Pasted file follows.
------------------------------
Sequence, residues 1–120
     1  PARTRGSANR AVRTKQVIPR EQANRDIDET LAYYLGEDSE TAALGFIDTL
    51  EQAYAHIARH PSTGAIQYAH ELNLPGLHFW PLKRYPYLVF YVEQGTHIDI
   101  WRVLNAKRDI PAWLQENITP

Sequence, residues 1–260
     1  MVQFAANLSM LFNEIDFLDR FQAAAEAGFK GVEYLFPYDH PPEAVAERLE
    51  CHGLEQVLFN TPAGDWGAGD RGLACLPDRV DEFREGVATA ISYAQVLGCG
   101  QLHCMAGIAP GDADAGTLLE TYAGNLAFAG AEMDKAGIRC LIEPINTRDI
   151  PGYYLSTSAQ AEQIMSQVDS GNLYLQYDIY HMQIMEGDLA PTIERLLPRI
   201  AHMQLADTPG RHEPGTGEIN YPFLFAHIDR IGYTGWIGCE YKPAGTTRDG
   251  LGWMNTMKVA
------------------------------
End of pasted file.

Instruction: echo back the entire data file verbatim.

Sequence, residues 1–120
     1  PARTRGSANR AVRTKQVIPR EQANRDIDET LAYYLGEDSE TAALGFIDTL
    51  EQAYAHIARH PSTGAIQYAH ELNLPGLHFW PLKRYPYLVF YVEQGTHIDI
   101  WRVLNAKRDI PAWLQENITP

Sequence, residues 1–260
     1  MVQFAANLSM LFNEIDFLDR FQAAAEAGFK GVEYLFPYDH PPEAVAERLE
    51  CHGLEQVLFN TPAGDWGAGD RGLACLPDRV DEFREGVATA ISYAQVLGCG
   101  QLHCMAGIAP GDADAGTLLE TYAGNLAFAG AEMDKAGIRC LIEPINTRDI
   151  PGYYLSTSAQ AEQIMSQVDS GNLYLQYDIY HMQIMEGDLA PTIERLLPRI
   201  AHMQLADTPG RHEPGTGEIN YPFLFAHIDR IGYTGWIGCE YKPAGTTRDG
   251  LGWMNTMKVA